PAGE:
Renting accommodation as a Limited Company contractor

Renting accommodation

 

Most contractors will consider renting accommodation when taking on a contract that’s some distance away from their home. Your Limited Company can always foot the bill, but how do you know if it’s classed as a benefit in kind?

 

Provided that the expense is a legitimate business cost, HMRC will not tax the value of the expense as a benefit in kind.  But if HMRC does not class the rent as a legitimate expense, it will then be seen as a benefit in kind and will therefore be taxable.

 

How is accommodation classed as a legitimate business expense?

 

The first and most important test, which should be considered everytime money is spent, is whether the “journey” is or remains a business journey. You can very easily be caught out by the 24 month rule.

 

The second test is that you have a separate property to your rented property, that acts as your main permanent residence.

 

If you travel to a client’s place of work solely for the purpose of completing the contract, then you are able to claim your rental accommodation costs as legitimate business expenses.

 

If you pay your accommodation and other associated living costs through your company, you’ll be able to reduce the amount of company tax you pay in the process.

 

Are there any risks?

The costs are allowed because they are treated as part of the normal costs of travelling, for the purposes of the contract (as travel and subsistence). Provided the journey remains a business journey then you are in the clear.

 

There are of course some pitfalls to watch out for. If you use the accommodation for personal reasons, such as providing a friend with a free bed, then this could mean a proportion of the costs are a taxable benefit. You can also be caught out if you remain in the property at weekends on a regular basis rather than returning home, although occasional stays would be ok.

 

If you don’t have a permanent residence and move from one temporary residence to another, you will be taxed on the costs met by the company. This is because the property serves two purposes, your main home and to allow you to work in the location. In this case the full cost would be taxable.

 

Finally it’s not just the rent cost that can be claimed, but the rules can be very tight and you should check before spending company money on the multi media equipment and expensive furniture.

 

It’s better to be safe than sorry!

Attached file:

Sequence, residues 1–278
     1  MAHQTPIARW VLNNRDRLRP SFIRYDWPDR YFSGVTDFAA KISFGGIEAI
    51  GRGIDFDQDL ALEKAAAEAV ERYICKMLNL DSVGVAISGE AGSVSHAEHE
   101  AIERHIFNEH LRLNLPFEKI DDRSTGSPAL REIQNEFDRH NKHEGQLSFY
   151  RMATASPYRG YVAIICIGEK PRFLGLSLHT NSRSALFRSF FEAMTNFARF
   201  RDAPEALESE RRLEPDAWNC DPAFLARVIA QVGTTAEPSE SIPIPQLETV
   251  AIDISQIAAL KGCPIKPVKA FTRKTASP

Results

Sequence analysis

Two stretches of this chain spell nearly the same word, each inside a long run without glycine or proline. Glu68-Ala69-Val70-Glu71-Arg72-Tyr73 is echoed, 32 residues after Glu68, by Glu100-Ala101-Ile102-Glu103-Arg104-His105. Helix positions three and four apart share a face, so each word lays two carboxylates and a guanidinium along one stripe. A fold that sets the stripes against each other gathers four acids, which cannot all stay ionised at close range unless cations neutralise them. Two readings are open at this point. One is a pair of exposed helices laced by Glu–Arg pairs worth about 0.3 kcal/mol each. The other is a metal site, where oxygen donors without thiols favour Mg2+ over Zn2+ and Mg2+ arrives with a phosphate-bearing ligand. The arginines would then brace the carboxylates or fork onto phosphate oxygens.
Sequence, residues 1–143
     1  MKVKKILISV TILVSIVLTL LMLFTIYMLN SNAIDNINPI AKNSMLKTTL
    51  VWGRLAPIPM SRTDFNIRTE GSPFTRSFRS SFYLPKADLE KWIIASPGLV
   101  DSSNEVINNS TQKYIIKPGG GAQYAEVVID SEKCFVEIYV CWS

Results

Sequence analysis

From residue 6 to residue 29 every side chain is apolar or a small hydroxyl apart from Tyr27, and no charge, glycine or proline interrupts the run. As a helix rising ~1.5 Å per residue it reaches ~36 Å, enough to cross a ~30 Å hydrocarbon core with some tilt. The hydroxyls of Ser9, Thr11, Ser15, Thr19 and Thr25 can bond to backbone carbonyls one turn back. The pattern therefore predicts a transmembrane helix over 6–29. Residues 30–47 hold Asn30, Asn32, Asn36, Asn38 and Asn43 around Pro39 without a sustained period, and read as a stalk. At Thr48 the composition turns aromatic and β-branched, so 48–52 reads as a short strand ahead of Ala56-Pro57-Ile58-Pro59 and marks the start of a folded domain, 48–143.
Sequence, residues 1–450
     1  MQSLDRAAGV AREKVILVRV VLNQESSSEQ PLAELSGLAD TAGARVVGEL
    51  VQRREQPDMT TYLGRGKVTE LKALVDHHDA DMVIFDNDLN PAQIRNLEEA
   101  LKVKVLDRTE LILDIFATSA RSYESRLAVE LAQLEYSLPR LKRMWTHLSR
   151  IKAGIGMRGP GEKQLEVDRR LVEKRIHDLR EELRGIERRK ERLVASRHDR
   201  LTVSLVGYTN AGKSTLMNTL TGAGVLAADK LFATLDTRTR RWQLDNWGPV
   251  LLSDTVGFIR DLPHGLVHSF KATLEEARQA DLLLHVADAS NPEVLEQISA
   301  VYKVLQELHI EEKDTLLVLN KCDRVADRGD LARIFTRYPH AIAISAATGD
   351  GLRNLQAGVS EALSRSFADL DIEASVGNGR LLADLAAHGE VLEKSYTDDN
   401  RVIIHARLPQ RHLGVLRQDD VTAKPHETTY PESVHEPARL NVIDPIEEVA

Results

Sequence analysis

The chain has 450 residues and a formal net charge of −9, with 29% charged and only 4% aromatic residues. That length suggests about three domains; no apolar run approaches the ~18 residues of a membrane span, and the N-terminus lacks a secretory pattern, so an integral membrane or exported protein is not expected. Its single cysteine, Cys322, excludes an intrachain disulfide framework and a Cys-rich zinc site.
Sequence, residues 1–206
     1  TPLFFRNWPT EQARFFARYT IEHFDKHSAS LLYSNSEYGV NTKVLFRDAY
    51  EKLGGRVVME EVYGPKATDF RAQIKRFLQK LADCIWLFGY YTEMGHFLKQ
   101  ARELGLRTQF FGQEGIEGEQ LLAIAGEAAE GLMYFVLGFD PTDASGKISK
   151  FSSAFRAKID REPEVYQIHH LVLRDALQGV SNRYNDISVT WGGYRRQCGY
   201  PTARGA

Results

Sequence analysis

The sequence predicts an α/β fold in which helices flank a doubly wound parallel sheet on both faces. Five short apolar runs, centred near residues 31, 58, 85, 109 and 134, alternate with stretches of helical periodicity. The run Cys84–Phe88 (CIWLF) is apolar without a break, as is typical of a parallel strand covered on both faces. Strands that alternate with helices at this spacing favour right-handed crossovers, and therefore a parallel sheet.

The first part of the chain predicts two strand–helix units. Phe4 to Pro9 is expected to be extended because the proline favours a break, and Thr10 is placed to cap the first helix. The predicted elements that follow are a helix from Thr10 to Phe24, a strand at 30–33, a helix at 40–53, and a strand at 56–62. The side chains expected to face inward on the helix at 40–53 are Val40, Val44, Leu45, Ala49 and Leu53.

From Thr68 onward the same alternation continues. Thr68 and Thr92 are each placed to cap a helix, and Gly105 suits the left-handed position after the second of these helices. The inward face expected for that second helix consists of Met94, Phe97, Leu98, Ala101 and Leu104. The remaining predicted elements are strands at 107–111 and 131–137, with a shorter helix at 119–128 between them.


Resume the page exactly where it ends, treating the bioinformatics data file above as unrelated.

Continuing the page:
Before agreeing to a lease on a temporary accommodation, it’s always best to run it past your trusted contractor accountant to ensure you won’t be left out of pocket. Working out which expenses are allowable can sometimes be tricky, but it’s worth understanding their value for tax purposes.

 

Your contractor accountant will be able to provide you with expert, tailored advice when it comes to your tax and business spending, ensuring you get the best and most from your business and personal income with expenses.

 

This blog has been prepared by Intouch Accounting. While we have made every attempt to ensure that the information contained in this blog has been obtained from reliable sources, Intouch is not responsible for any errors or omissions, or for the results obtained from the use of this information. This blog should not be used as a substitute for consultation with professional accounting advisers. If you have any specific queries, please contact Intouch Accounting.

Training costs

Training costs

The majority of contractors will invest in training at some point in order to keep their skills up to date and attractive to potential clients. For some this will also be a requirement of a professional membership, as part of their continued professional development (CPD). As courses can be expensive it’s preferable to pay for these through your company rather than from your personal income. HMRC recognises that training can be necessary within a business, so these costs can be claimed as tax deductable business expenses through your Limited Company.

However, it’s important to be clear on what type of training is being taken and for what purpose as not all training costs qualify as a legitimate business expense under HMRC rules.

 

What types of training qualify?

HMRC specifies that to qualify as a legitimate business expense the training must be ‘wholly necessarily and exclusively’ for the purposes of existing trade. This means that the training taken must be in a skill or subject which directly applies to work currently generating income for the contractor. If the training taken clearly complies with this definition then no significant benefit in kind will be assumed.

 

What if I’m training to enhance my skills?